Local farm produces single-source honey, with an eye on educating the public about ailing bee populations.
Click here for some perfect honey and cheese pairings from Ames Farm. To find out how you can help struggling bee populations, click here.
The end of October is a big time of year for Brian Fredericksen.
That’s about the time he loads hundreds of beehives onto a truck headed for Texas.
“We drive them in a semi with a net on top, and only stop while it’s dark so they’re not flying. If we drive during the day, we can’t stop—ever,” the founder and owner of Ames Farm Ltd. explains. “Each hive is a separate, unified community with a queen, a colony, a nest with babies. Bees have a built-in GPS system—when they leave the hive, they always come back.” But on the road to their warmer, winter home, they’d leave during the day—just as they do every day—and struggle to find their way back to the moving truck, he explains.
When Fredericksen first found land in Delano in 1994, the then-3M process engineer would have had no idea about the tendencies of bees. He had just two things on his mind. First, he wanted space to stretch out and make a living off the seven-acre plot. Second, he looked forward to using the trails set up by the former owner (and fellow dogsledder) David Bedford.
Bedford is a celebrity in the local agriculture and sustainable food-producing community, as he was the University of Minnesota professor who developed the Honeycrisp apple. On his land, he left behind an orchard and two hives he had developed as a beekeeping hobbyist.
Fredericksen picked up where Bedford left off, becoming fascinated with the apicycle of the bees: the intricate relationship between honeybees, beekeepers and nature. In 1996, after a particularly delicious bite of honey, he pondered the nuances of certain flora present in the layers of flavor. The terroir stopped him in his tracks, and he thought, “How could I capture that and preserve it?” he says.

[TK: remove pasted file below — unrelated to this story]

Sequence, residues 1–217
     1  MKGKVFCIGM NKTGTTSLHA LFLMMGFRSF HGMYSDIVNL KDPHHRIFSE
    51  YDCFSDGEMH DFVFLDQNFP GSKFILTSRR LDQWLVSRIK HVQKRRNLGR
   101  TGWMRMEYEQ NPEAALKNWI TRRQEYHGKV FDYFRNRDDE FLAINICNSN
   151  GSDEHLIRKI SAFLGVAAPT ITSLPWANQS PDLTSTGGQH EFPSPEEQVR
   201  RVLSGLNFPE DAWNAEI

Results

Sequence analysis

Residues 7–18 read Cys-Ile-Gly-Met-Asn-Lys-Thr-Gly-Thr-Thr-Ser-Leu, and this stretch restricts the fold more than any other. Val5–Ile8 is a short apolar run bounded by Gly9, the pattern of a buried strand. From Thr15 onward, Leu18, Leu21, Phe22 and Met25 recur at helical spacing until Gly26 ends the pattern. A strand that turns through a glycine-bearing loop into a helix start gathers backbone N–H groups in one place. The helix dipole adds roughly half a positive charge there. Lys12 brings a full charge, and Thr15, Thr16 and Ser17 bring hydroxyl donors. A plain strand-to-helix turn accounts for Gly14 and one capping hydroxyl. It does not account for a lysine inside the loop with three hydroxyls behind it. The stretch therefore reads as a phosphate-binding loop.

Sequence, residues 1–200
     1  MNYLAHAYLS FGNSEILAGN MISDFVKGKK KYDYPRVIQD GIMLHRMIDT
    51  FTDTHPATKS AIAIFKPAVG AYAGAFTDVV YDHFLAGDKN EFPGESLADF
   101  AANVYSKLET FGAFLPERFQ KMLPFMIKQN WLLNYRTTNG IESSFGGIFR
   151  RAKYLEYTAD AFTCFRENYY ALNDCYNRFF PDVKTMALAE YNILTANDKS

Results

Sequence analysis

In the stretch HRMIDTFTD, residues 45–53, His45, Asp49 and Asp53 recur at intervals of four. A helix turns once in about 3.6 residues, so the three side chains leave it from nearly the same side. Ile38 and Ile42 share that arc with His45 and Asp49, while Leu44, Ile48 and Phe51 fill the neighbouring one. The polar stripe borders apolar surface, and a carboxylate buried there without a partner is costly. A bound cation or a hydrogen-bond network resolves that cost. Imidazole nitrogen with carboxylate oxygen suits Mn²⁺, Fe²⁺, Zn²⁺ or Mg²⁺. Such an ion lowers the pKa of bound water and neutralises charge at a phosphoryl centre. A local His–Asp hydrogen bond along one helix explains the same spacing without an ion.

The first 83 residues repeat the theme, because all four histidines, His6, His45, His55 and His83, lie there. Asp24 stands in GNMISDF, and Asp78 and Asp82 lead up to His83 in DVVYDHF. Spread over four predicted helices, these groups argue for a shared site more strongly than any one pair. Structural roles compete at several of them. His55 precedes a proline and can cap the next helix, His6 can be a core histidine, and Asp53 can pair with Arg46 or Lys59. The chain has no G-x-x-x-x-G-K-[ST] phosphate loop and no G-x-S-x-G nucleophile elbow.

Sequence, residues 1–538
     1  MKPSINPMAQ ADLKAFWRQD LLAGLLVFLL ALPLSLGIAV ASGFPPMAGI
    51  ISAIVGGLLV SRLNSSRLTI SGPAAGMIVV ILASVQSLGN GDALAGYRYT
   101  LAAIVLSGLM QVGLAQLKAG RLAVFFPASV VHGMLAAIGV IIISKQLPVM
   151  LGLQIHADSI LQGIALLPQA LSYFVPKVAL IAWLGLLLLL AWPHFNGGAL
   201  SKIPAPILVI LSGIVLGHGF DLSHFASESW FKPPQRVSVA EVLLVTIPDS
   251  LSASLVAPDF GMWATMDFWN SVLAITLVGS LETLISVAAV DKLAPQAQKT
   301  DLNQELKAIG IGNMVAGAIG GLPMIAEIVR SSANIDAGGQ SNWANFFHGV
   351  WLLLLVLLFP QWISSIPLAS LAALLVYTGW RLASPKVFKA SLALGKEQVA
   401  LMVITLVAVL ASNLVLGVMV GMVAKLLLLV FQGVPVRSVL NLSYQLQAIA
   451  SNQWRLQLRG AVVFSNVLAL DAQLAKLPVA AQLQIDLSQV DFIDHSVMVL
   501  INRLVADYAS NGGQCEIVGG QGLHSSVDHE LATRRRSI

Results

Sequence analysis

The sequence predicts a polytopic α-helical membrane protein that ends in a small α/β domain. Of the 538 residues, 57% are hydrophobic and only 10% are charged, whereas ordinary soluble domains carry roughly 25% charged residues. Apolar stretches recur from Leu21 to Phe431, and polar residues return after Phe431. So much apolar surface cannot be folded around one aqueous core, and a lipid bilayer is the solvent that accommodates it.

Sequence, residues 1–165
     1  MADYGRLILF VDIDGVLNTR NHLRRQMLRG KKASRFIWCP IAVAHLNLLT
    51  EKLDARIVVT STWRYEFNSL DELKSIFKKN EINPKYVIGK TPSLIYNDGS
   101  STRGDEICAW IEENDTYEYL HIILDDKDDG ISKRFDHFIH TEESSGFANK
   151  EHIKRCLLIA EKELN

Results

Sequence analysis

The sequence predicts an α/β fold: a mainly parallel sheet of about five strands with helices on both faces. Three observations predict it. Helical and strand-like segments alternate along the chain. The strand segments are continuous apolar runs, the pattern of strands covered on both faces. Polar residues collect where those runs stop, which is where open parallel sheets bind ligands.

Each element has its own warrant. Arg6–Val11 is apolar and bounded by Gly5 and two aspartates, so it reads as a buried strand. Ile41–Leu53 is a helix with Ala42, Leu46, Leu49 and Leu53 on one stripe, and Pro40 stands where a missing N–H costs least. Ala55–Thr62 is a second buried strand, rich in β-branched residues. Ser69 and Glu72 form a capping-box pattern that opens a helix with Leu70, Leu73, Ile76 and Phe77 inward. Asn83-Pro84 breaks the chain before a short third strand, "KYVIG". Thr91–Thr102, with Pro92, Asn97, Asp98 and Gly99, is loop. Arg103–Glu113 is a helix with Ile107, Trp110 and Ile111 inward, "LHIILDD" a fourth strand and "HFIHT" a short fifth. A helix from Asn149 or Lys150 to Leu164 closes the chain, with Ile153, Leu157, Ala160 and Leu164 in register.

“A 40-pound box [of honey] is basically a floral snapshot of a place and time,” he says. He started producing single-source honey, isolating individual varieties to maintain the purity of their particular flavors, in a remodeled chicken coop. Then he took over the garage, and then a neighbor’s building for a decade, slowly adding hives and equipment and enlarging the operation. Ames Farm has grown into Fredericksen’s full-time gig, selling honey and 100-percent beeswax candles, bee nucs (small colonies for starting new hives) and bee products, edible honeycomb and 12 varieties of apples at local farmers markets and stores across the Twin Cities and beyond. Last summer, it expanded into a new facility with a team of around seven employees operating a main property and 18 other bee yards. There’s direct sales to local customers and co-ops, wholesale logistics, education and support for budding local beekeepers—and advocacy for the plight of bees on a macro scale.
“My science background has been huge—prior to the 1990s, you could just about have bees and forget about them. They’d take care of themselves,” says Fredericksen, mentioning the pesticide usage and deforestation that have led to declining bee populations that impact every ecosystem. “Now beekeepers have to test and treat for myriad pests and conditions. In some places, it’s estimated there’s 80 percent wild insect loss, but there’s no way to know for sure. The national transition to sustainable energy—it’s the same thing with becoming pollinator-friendly. As a culture, we’re going to have to give something up.”